Now, at the same time as this is happening,
we have another series of things
happening, which is called RNA splicing.
The primary RNA transcript
from eukaryotic cells
that is not coding.
So we have it split up
into introns and exons.
And they’re not as neat
and symmetrical as these,
but these will exhibit
the whole concept.
Introns are inactive
and exons are expressed.
At least, that’s the
way I remember them
because it’s not truly true
that introns are inactive.
But exons are expressed.
They’re the DNA that’s going
to end up in the mature mRNA.
So we cut out the introns
and produce a mature mRNA
and you have a 5’ cap
and a poly-A tail.
So the way that the cell manages
cutting out the introns
is through the use of a
tool called a spliceosomes.
The spliceosome is like a pair
of giant molecular scissors
and it is composed of
which are small nuclear
Try saying that one.
That’s why we call them snRNPs
because it’s much easier.
So these small nuclear RNA
portion of the snRNP
is going to base pair with
the 5’ end of the intron
as well as the branch
site of the intron.
You’ll see how that comes
into play shortly.
And we’ll also see some
bind with the 3’ end.
They come together to
form a whole spliceosome
and then they cut the DNA and
stick one piece, the Lariat loop,
back onto the branch site and then cut
the 3’ end and excise the intron.
So the intron is removed.
Now the two exons can be stuck together
and we are good to go with
introns being removed.
But let’s go a little bit further
and look at the possibilities
because we’ve now learned that we
can have alternative splicing.
So, yes, we have introns and exons
and exons are the things that
are going to be expressed.
But the pieces that you
choose to be expressed
or the cell chooses to be expressed
could be different depending
on how the spliceosomes cut.
So we could out introns in this fashion and
produce a protein that looks like protein A
or we could cut it in this fashion and
stick those pieces together as exons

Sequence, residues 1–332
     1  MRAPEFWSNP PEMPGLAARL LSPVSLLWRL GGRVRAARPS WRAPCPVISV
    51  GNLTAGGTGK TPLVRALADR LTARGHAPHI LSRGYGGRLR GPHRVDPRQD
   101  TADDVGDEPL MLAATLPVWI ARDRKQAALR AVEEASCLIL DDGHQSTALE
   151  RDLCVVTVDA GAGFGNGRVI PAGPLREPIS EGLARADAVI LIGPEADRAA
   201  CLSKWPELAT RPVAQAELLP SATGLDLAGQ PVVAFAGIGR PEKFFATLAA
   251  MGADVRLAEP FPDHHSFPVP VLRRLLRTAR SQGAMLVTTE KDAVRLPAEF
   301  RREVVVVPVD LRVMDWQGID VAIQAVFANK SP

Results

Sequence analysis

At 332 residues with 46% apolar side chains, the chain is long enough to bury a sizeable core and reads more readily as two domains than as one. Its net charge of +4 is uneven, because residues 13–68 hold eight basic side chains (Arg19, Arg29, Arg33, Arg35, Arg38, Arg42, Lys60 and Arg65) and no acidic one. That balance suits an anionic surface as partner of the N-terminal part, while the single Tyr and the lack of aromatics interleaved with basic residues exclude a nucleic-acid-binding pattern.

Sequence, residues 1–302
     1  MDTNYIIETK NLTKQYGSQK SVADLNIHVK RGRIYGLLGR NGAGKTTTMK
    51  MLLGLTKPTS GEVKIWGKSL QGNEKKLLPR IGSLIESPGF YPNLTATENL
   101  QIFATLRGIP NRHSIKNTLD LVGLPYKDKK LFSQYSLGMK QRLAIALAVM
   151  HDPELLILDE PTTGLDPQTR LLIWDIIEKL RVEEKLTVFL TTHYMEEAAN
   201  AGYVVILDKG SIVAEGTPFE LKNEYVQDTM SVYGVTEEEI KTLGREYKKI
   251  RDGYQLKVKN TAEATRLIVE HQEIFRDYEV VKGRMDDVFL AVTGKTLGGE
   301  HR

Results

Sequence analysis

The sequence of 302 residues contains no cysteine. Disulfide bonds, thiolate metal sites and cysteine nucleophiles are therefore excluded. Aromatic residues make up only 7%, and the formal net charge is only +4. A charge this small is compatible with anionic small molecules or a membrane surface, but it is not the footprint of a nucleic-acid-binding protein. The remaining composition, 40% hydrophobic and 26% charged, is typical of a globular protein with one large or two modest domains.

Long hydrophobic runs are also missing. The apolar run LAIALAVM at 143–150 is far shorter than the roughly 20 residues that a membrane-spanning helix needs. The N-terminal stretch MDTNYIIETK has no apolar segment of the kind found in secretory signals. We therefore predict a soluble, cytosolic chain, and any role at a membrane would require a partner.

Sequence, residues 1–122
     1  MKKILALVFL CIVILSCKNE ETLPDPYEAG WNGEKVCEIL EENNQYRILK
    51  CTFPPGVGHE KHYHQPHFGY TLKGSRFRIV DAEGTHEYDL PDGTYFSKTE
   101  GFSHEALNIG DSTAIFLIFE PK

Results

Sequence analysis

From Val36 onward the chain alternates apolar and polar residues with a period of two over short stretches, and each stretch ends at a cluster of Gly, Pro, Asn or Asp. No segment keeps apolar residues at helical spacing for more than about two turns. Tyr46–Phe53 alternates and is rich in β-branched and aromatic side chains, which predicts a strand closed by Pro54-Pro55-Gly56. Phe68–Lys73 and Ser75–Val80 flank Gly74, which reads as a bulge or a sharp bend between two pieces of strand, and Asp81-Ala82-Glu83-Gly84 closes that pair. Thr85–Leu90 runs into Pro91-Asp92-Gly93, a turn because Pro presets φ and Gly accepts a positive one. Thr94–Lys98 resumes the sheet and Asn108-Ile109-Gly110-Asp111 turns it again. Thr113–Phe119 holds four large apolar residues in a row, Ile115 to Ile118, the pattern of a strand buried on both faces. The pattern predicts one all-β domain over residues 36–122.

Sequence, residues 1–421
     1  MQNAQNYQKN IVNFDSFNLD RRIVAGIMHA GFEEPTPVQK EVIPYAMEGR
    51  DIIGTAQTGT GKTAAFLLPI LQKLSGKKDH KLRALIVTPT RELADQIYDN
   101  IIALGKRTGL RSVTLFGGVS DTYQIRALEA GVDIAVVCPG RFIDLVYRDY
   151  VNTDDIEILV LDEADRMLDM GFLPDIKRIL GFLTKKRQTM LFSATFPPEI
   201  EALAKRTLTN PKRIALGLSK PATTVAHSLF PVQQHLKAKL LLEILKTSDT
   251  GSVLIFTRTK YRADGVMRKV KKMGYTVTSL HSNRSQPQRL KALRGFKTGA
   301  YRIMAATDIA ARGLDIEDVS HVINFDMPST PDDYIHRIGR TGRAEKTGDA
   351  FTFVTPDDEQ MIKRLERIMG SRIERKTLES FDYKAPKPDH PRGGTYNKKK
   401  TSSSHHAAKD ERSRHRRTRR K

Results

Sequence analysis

and have them express
a different protein.
And then we could have a
different variety even still,
so alternative splicing
ends up with the production
of a variety of different proteins
from the same messenger RNA.
Now, it sort of seems like this
might be violating that one gene,
one polypeptide thing.
I mean, you could argue that
it’s still one polypeptide.
But as definitely seeing that the protein
comes out in a little different way,
but this is one of the ways
that we have with so few genes,
we have so much possibility
for a variation.
It’s these mechanisms of
So we can one coding sequence, actually
results in multiple possible proteins.
So you may have heard that
we got done early sequencing
the human genome back in the year 2000.
And part of the reason was it turned out
that we had a lot less genes
than we had anticipated.
For example, we have much less than
corn, which was quite confusing to us.
Because apparently, we are
more complex than corn
and this alternative splicing is
perhaps one of the explanations
for why we could be more complex
because we have the possibility
of multiple protein products
from one coding sequence of DNA.
So let’s recap what’s happened
in this RNA processing phase.
We had to take our primary RNA transcript
and make it into mature messenger RNA.
We added a 5’ cap to protect him from the
environment out there in the cytosol
as well as help him
bind the ribosomes.
In addition to that, we added a poly-A
tail to protect him from enzymes
that might be out there trying
to degrade the messenger RNA.
And then we cut out introns in order
to make a mature messenger RNA
that’s ready to go
out into the cytosol
and be translated into a
polypeptide by ribosomes out there.
That is precisely the topic
of our next lecture.
So I look forward to
seeing you for that one.
At this point though, you should
be able to describe the process
of transcription in prokaryotes
as well as differentiate between
the initiation phase, the elongation
phase, and termination phase,
and explain differences in prokaryotic
and eukaryotic transcription
as well diagram some of the
aspects of RNA processing.
Thank you so much for your attention.
I will see you shortly.